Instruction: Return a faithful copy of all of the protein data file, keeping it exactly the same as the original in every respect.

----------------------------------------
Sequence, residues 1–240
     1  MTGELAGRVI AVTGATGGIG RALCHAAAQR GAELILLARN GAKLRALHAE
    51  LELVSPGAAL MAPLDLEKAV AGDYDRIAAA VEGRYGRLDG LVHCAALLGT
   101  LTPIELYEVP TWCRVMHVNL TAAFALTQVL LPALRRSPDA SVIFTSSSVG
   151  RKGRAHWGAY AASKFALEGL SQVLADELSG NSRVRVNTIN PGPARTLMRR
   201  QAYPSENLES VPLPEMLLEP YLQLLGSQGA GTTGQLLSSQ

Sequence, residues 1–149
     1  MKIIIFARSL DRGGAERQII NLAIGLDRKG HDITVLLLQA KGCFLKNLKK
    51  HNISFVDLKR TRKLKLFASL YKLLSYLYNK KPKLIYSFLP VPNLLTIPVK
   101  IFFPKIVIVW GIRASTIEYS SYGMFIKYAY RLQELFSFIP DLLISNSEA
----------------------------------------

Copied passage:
Sequence, residues 1–240
     1  MTGELAGRVI AVTGATGGIG RALCHAAAQR GAELILLARN GAKLRALHAE
    51  LELVSPGAAL MAPLDLEKAV AGDYDRIAAA VEGRYGRLDG LVHCAALLGT
   101  LTPIELYEVP TWCRVMHVNL TAAFALTQVL LPALRRSPDA SVIFTSSSVG
   151  RKGRAHWGAY AASKFALEGL SQVLADELSG NSRVRVNTIN PGPARTLMRR
   201  QAYPSENLES VPLPEMLLEP YLQLLGSQGA GTTGQLLSSQ

Sequence, residues 1–149
     1  MKIIIFARSL DRGGAERQII NLAIGLDRKG HDITVLLLQA KGCFLKNLKK
    51  HNISFVDLKR TRKLKLFASL YKLLSYLYNK KPKLIYSFLP VPNLLTIPVK
   101  IFFPKIVIVW GIRASTIEYS SYGMFIKYAY RLQELFSFIP DLLISNSEA